If only labs working with manufacturers can test devices, he said, “then there is a serious problem with the FCC testing protocol.”
Epidemiologist Devra Davis, who founded the group Environmental Health Trust, said the FCC’s process seemed designed to pass phones that failed the Tribune’s tests.
A spokesman for the FCC said using the companies’ software was necessary to achieve accurate results. Manufacturers, he said, can request confidentiality for their devices’ technical details to protect trade secrets. The tests were conducted independently by FCC Lab engineers, he added.
Knapp’s quote states: “FCC engineers had significant questions as to whether the tests (for the Tribune) were performed properly and consistent with FCC guidance and we expressed these concerns directly to the Chicago Tribune. Because we take seriously any claims of non-compliance with RF exposure standards, the FCC tested the same device models at our labs.”
Apple declined comment this week beyond what it has previously told the Tribune. Motorola did not respond to emails but has said its phones comply with federal standards. The company previously speculated that the Tribune’s initial testing did not trigger the e5 Play’s proximity sensors. Such sensors are designed to reduce a phone’s power when it is touching or extremely close to a person, decreasing radiofrequency radiation. Samsung did not respond to an email from the Tribune.
The Tribune’s tests were conducted by RF Exposure Lab in San Marcos, California, which for 15 years has performed radiofrequency radiation testing of new electronic devices for wireless companies. The lab is recognized by the FCC as accredited to test for radiofrequency radiation from electronic devices.
Lab owner Jay Moulton said all the Tribune’s tests were done in accordance with detailed FCC rules and guidelines. He filed a 100-page report that the Tribune shared with the government and manufacturers.
After reviewing the nine-page FCC report, Moulton questioned why the agency didn’t buy all phones off the shelf, saying it gives manufacturers the opportunity to pretest phones to ensure they would pass an FCC test. He also questioned why the FCC would need special software supplied by manufacturers to complete testing.
The sensors that reduce a phone’s power when it is near a human body should be tripped during testing without needing additional software from manufacturers, he said. “I do testing for laptops that have sensors in there, and I don’t have any special software,” Moulton said.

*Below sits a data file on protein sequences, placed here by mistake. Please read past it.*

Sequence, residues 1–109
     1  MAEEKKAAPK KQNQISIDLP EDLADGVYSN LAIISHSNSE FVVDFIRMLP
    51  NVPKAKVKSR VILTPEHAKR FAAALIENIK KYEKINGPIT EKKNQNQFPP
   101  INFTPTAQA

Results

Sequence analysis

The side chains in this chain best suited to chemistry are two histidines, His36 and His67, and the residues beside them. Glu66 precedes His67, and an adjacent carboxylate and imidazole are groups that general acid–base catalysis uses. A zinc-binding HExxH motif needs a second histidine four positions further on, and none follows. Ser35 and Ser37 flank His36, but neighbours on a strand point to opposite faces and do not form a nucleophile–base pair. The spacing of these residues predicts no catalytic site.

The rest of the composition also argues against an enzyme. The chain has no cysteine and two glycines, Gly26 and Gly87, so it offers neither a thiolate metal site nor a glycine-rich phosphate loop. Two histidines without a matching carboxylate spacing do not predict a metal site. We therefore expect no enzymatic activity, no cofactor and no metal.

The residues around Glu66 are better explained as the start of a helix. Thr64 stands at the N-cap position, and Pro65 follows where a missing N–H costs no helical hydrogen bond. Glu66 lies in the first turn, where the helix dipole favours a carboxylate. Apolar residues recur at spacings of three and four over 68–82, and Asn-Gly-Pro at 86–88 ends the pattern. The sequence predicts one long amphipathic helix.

Moulton said that after the Tribune’s story was published, he was paid to conduct similar testing by attorneys representing plaintiffs in a class-action suit against Apple and Samsung. The suit alleges that the phone makers “intentionally misrepresented" the safety of their devices. Moulton said he is not being paid to act as an expert witness for those lawyers.
In a Dec. 5 filing, the plaintiffs’ lawyers said Moulton’s lab tested an iPhone 7+, an iPhone 8 and an iPhone XR as well as the Samsung Galaxy S8, Galaxy S9 and Galaxy S10. According to the filing, Apple phones tested above the federal limit, with the highest reading coming from an iPhone 7+, at more than twice the limit.
Neither Apple nor Samsung has filed a response in court.
Debate about the safety of cellphones has raged for years. High levels of radiofrequency radiation can heat biological tissue and cause harm, but it is less understood whether people, especially children, are at risk for health effects from exposure to low levels over many years of cellphone use.
Authorities in the 1990s set the federal exposure limit based solely on the heating risks of cellphone radiation, building in a 50-fold safety factor. But some researchers — and lawyers — have questioned whether the limit is safe enough. Those questions have spawned a long-running lawsuit against phone makers, carriers and trade groups over cancer risks.
The Tribune’s testing had two phases. One tested phones at the same distance from the body as manufacturers chose for their own premarket testing: from 5 to 15 mm away, depending on the model. This phase included retests of several models after manufacturers gave feedback on the test results.
The second phase tested phones at 2 mm from the body, to represent the phone being carried in a pocket.
The FCC’s recent study did not test phones at the 2 mm distance. In the Tribune testing, only one of the cellphone models met the federal safety standard at that distance.

martedì 10 dicembre 2019

La Corte Suprema USA ha rigettato l'ultima manovra della CTIA contro la etichettatura dei cellulari voluta dalla città di Berkeley

Una grande vittoria per i diritti dei consumatori e la salute pubblica, la Corte Suprema degli Stati Uniti ha oggi respinto un ultima opposizione presentata dalla CTIA - The Wireless Association contro la legge sul diritto di conoscere la legge per l'uso del cellulare della città di Berkeley che il Consiglio della città di Berkeley ha adottato all'unanimità nel 2015.



Pertanto, la sentenza della Corte d'appello del Nono Circuito che conferma che la legge è costituzionale consente alla città di continuare ad applicare la legge che impone ai rivenditori di telefoni cellulari di comunicare ai potenziali clienti le linee guida di sicurezza dei produttori di telefoni cellulari per garantire la sicurezza dei consumatori.

Qui la cronistoria bit.ly/berkeleycellordinance 


domenica 8 dicembre 2019

la class action americana contro Apple e Samsung va avanti










Il laboratorio accreditato da FCC  (ente federale americano per la telefonia e comunicazioni) ha testato sei diversi modelli di smartphone nuovi di zecca a varie distanze, che vanno da zero a 10 millimetri per misurare la quantità di radiazione RF rilasciata quando si tocca o in prossimità del corpo.
Quando testato a due millimetri, l'iPhone 8 e il Samsung Galaxy S8 erano più del doppio del limite di esposizione federale. A zero millimetri, l'iPhone 8 era cinque volte superiore al limite di esposizione federale e il Samsung Galaxy S8 era più di tre volte il limite di esposizione federale.